Journal of Sports Science and Medicine
Journal of Sports Science and Medicine
ISSN: 1303 - 2968   
Ios-APP Journal of Sports Science and Medicine
Androit-APP Journal of Sports Science and Medicine
from September 2014
©Journal of Sports Science and Medicine (2013) 12, 454 - 460

Research article
Energy System Contributions During Incremental Exercise Test
Rômulo Bertuzzi1, , Eduardo M.F. Nascimento1, Rodrigo P. Urso1, Mayara Damasceno1, Adriano E. Lima-Silva2
Author Information
1 School of Physical Education and Sport, University of São Paulo, Brazil
2 Academic Center of Vitoria, Federal University of Pernambuco, Brazil

Rômulo Bertuzzi
✉ Departamento de Esporte - Escola de Educação Física e Esporte da Universidade de São Paulo, Av. Prof. Melo de Morais, 65 – Cidade Universitária - São Paulo, SP, CEP: 05371-140, Brazil
Publish Date
Received: 20-12-2012
Accepted: 30-04-2013
Published (online): 01-09-2013
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The main purpose of this study was to determine the relative contributions of the aerobic and glycolytic systems during an incremental exercise test (IET). Ten male recreational long-distance runners performed an IET consisting of three-minute incremental stages on a treadmill. The fractions of the contributions of the aerobic and glycolytic systems were calculated for each stage based on the oxygen uptake and the oxygen energy equivalents derived by blood lactate accumulation, respectively. Total metabolic demand (WTOTAL) was considered as the sum of these two energy systems. The aerobic (WAER) and glycolytic (WGLYCOL) system contributions were expressed as a percentage of the WTOTAL. The results indicated that WAER (86-95%) was significantly higher than WGLYCOL (5-14%) throughout the IET (p < 0.05). In addition, there was no evidence of the sudden increase in WGLYCOL that has been previously reported to support to the “anaerobic threshold” concept. These data suggest that the aerobic metabolism is predominant throughout the IET and that energy system contributions undergo a slow transition from low to high intensity.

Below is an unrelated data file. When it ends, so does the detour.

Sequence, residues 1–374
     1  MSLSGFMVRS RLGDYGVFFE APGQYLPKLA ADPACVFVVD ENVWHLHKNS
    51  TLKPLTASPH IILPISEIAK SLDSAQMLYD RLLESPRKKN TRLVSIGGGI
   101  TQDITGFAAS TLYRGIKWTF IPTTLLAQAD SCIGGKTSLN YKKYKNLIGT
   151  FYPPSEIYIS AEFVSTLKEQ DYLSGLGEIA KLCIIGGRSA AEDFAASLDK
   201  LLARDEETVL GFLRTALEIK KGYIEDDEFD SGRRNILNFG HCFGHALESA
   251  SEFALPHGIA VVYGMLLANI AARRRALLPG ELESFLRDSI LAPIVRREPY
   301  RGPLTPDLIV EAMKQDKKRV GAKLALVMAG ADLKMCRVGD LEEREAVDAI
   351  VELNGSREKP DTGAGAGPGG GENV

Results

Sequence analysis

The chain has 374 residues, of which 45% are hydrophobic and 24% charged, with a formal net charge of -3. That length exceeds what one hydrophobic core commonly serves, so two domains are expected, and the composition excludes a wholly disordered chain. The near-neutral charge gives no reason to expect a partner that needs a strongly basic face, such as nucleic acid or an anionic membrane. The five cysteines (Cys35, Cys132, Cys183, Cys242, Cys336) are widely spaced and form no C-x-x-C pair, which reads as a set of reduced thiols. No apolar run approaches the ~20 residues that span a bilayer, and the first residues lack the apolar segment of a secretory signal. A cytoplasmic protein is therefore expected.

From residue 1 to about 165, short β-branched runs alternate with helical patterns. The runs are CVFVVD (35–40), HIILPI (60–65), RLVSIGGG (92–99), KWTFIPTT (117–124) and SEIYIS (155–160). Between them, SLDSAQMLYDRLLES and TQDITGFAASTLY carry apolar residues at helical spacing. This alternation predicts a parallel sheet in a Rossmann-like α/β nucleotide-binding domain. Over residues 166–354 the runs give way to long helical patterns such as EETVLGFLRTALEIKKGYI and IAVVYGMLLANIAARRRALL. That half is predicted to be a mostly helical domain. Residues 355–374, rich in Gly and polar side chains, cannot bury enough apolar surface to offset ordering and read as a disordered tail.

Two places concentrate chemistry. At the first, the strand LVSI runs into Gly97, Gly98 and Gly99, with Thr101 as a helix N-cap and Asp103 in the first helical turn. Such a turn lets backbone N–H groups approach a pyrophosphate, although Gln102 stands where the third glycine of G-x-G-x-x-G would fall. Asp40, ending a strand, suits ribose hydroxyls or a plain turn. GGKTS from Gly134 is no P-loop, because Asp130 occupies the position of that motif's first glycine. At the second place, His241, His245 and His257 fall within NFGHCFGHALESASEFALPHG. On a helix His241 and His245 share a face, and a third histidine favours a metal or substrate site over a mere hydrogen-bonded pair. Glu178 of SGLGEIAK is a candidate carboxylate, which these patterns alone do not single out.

Key words: Oxygen uptake, blood lactate, aerobic threshold, anaerobic threshold, onset of blood lactate accumulation, energy metabolism contribution

           Key Points
  • The aerobic metabolism contribution is the predominant throughout the maximal incremental test.
  • The speed corresponding to the aerobic threshold can be considered the point in which aerobic metabolism reaches its maximal contribution.
  • Glycolytic metabolism did not contribute largely to the energy expenditure at intensities above the anaerobic threshold.
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